Illegal VLTs prompt calls for answers and action

Liberal Leader Brian Gallant is calling for answers on potential lost revenue following a CBC News investigation which found illegal video lottery terminals are operating in bars in the province.

Opposition parties in N.B. ask how much potential revenue going to illegal gaming

Liberal Leader Brian Gallant is calling for answers on potential lost revenue following a CBC News investigation which found illegal video lottery terminals are operating in bars in the province.  

“My first question would be when did they [the government] find out about these machines?” said Gallant.

The CBC News investigation found a dozen illegal VLTs in two bars in the province. Eight of the machines were in The Morgan Pub and Eatery in Richibucto and four were in the Candlepin Entertainment bowling alley in Sussex Corner. CBC Reporter Connell Smith has since observed another four illegal machines in a bar in Moncton. Establishment operators tell CBC News there are many more grey machines out there.

Gallant says the government needs to get a handle on how much revenue is going to the owners of the unsanctioned machines, rather than to the Atlantic Lottery Corporation, which passes all revenue back to the province to help pay for things like roads and health care.

If you have any tips about this, or any other story, please get in touch: nbinvestigates@cbc.ca

“Have they known about it for years now and they’re only acting now?” asks Gallant. “That would be a bit of a concern because obviously we would have lost many years of potential revenue going to important services in the province."

Atlantic Lottery's VLTs net about $63,600 per machine annually. It is difficult to know how much profit the illegal machines bring in. If grey machines’ revenues compare with ALC machines, that would mean more than a million dollars a year in unsanctioned gambling profits for just 16 machines.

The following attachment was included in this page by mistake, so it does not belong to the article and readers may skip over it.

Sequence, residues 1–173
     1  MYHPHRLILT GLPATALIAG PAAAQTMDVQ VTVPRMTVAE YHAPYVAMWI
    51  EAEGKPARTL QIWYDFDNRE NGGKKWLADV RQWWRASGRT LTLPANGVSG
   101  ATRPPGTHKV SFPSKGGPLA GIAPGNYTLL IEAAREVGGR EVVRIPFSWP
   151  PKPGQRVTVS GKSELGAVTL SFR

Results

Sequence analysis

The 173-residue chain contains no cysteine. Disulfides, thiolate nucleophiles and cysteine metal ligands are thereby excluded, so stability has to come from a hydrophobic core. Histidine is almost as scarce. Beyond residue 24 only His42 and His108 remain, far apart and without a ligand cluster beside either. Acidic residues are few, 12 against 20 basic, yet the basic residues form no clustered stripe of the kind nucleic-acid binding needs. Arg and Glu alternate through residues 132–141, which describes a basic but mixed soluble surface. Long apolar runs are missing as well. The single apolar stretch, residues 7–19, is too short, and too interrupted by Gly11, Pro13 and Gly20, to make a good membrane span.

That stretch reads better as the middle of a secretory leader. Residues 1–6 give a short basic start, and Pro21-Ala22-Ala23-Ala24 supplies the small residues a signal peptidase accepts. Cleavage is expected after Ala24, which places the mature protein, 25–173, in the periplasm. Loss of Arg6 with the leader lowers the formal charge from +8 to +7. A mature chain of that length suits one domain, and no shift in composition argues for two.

In an email to CBC News, finance department communications director Brendan Langille said "While it makes sense to assume there is some impact on our revenues, any estimate would only be speculation."

NDP Leader Dominic Cardy said the government has been too slow to enforce gambling laws and regulations.

It seems like in New Brunswick laws are optional.- Dominic Cardy, NDP Leader

"It seems like in New Brunswick laws are optional," he said. "Laws have got to mean something.

"And especially in this case where we're talking about the loss of hundreds of thousands of dollars to our treasury in a province where we're facing a mounting deficit and debt crisis and we need that money."

Finance Minister Blaine Higgs recently told CBC News the province is taking steps towards enforcement. The province sent letters to businesses with illegal machines warning them to obey the rules. He says they forward information on illegal machines to the RCMP.

“Any concerns that we have any concerns that we’re told about we forward those to the RCMP and they do what they do after that."

Comments

To encourage thoughtful and respectful conversations, first and last names will appear with each submission to CBC/Radio-Canada's online communities (except in children and youth-oriented communities). Pseudonyms will no longer be permitted.

By submitting a comment, you accept that CBC has the right to reproduce and publish that comment in whole or in part, in any manner CBC chooses. Please note that CBC does not endorse the opinions expressed in comments. Comments on this story are moderated according to our Submission Guidelines. Comments are welcome while open. We reserve the right to close comments at any time.